As I mentioned yesterday, I spent my leap-day evening with my great guy and a great friend of mine. We made dinner in our great kitchen in an antique copper pan that my uncle gave me last winter. It is ridiculously heavy (unlike modern copper-bottomed pans which are feather-light) but it cooks stews and sauces so nicely.
I made a meal which is legendary in my family. It used to have a proper name but no one remembers it as anything other than Dunkin' Ginny. Ginny is my grandmother and she used to make this for us when we were kids just about every time she saw us. She would make a HUGE pot of it and buy about a million baguettes. When it was sufficiently reduced to a deliciously saucy melange she'd place it in the center of a table, in the pot, with a serving spoon and the basket of bread and she'd let us go to town. Go to town we did, because this dish is so incredibly delicious you can sit with it for hours, soaking up the sauce with piece after piece of baguette until you're stuffed like a turkey. I'm guessing that as a welcome side effect for our parents this dinner also put us directly to sleep, due to a food coma, after dinner.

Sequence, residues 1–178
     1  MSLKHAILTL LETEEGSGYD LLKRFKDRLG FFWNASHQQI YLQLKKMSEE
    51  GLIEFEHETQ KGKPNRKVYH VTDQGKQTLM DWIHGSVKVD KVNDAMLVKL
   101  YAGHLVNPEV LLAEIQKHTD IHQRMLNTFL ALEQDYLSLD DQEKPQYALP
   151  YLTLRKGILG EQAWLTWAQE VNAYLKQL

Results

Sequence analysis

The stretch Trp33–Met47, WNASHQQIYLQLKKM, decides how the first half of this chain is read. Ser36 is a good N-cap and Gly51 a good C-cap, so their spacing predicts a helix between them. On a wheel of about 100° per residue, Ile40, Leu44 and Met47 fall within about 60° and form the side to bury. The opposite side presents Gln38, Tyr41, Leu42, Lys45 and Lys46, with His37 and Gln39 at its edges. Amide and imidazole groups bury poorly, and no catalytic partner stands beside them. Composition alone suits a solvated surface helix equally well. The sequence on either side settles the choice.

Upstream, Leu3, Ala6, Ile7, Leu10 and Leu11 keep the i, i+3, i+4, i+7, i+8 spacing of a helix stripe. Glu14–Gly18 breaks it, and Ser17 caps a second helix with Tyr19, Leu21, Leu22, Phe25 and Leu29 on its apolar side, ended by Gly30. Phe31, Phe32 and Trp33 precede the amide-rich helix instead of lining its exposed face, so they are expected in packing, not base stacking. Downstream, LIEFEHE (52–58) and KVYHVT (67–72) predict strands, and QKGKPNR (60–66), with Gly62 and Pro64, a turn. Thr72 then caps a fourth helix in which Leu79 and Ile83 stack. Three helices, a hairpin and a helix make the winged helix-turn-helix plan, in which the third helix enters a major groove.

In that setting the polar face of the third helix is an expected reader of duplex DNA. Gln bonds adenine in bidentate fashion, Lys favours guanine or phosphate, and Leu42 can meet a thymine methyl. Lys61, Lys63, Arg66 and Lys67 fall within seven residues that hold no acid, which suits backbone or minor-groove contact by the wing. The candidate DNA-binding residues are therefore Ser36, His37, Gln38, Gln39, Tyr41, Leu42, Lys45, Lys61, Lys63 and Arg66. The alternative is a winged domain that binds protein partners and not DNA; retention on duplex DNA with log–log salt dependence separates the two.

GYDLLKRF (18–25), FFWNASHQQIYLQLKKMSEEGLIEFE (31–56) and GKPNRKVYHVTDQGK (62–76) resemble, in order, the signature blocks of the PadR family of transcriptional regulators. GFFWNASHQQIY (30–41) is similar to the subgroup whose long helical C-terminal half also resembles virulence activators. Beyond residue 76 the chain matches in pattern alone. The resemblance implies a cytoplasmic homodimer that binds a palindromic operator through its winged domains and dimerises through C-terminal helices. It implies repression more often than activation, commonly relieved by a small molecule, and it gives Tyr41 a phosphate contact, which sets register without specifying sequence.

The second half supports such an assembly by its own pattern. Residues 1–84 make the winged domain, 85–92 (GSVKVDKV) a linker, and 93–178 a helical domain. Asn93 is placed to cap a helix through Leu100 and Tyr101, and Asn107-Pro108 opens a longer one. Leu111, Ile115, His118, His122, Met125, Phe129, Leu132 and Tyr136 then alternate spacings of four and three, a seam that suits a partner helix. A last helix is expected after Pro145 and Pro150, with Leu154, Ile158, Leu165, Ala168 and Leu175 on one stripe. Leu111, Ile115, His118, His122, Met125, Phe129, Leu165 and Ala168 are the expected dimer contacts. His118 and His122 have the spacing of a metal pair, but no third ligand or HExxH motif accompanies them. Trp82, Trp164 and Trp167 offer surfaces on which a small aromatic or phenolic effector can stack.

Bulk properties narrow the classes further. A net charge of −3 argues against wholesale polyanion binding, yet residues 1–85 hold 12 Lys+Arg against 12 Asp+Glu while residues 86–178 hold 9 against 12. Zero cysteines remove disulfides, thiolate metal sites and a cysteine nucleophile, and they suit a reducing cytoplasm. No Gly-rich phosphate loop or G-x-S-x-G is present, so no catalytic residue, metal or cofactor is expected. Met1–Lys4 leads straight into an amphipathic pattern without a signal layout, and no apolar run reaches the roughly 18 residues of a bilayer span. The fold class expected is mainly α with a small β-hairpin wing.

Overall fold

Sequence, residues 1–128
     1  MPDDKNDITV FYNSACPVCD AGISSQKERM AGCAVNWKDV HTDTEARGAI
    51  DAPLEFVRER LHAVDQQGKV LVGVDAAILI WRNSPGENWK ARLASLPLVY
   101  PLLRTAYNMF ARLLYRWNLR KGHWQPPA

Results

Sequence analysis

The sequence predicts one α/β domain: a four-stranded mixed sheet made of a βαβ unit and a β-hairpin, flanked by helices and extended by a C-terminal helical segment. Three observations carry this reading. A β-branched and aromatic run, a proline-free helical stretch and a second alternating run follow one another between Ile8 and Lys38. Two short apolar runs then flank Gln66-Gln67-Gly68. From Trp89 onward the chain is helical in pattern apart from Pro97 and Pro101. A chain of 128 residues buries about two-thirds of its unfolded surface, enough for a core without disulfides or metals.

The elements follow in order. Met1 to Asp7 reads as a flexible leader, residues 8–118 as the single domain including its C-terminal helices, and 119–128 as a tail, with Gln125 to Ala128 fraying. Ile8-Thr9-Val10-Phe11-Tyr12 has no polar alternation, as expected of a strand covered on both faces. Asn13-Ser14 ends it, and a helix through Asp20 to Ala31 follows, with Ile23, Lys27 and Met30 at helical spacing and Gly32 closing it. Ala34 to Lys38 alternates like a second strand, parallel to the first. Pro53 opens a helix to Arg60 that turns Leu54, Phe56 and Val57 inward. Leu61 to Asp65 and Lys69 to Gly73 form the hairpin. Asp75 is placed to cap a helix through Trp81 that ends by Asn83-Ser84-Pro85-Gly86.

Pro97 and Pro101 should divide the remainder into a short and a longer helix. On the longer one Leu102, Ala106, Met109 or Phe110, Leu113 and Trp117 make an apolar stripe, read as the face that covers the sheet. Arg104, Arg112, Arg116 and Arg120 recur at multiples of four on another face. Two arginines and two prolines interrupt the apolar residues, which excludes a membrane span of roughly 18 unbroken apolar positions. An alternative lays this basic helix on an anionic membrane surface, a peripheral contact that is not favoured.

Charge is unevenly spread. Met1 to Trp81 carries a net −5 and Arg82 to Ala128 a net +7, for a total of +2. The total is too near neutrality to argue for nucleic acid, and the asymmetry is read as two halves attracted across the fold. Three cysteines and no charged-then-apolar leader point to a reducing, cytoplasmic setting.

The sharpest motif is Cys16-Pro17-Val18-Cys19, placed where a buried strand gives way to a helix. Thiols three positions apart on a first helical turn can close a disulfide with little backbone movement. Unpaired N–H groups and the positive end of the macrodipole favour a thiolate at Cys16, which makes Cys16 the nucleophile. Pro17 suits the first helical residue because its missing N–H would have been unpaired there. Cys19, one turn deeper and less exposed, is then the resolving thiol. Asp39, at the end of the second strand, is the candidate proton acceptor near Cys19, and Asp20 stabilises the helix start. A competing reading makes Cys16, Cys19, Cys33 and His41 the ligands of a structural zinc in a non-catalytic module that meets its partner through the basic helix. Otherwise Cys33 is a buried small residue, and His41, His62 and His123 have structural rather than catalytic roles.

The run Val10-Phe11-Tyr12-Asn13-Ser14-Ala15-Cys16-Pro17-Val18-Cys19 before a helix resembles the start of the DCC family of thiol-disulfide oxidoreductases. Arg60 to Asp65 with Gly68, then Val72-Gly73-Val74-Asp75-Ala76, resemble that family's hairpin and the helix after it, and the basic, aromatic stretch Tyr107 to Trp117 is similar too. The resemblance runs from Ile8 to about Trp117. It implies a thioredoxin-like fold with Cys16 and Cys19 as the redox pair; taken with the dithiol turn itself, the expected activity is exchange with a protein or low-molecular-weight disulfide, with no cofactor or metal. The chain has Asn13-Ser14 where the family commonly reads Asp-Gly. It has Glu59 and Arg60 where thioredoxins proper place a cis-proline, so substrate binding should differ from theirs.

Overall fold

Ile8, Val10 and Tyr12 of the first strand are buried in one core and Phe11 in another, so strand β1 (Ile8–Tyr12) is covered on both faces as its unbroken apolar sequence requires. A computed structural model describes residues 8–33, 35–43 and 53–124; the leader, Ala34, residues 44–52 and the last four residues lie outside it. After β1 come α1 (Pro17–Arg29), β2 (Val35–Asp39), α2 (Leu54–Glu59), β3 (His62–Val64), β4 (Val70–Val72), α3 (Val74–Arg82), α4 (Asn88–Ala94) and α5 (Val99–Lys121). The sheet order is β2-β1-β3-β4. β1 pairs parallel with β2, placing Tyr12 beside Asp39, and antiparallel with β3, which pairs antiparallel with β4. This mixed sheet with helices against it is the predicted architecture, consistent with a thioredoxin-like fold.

My mom gave me the recipe in our wedding cookbook of family recipes, which isn't actually a cook "book" but a box of cards with recipes on them (I'll write a post about it someday). According to the Dunkin' Ginny recipe card the final and most important step of this dish is to stand over it for two hours or more, lovingly spooning the juices over the pieces of vegetables and chicken while drinking the rest of the bottle of white wine that was used to start the stew. Even though last night's iteration was superb, it wasn't the same as Ginny's and I have a feeling it is because she put so much love into the spooning that it could never be replicated.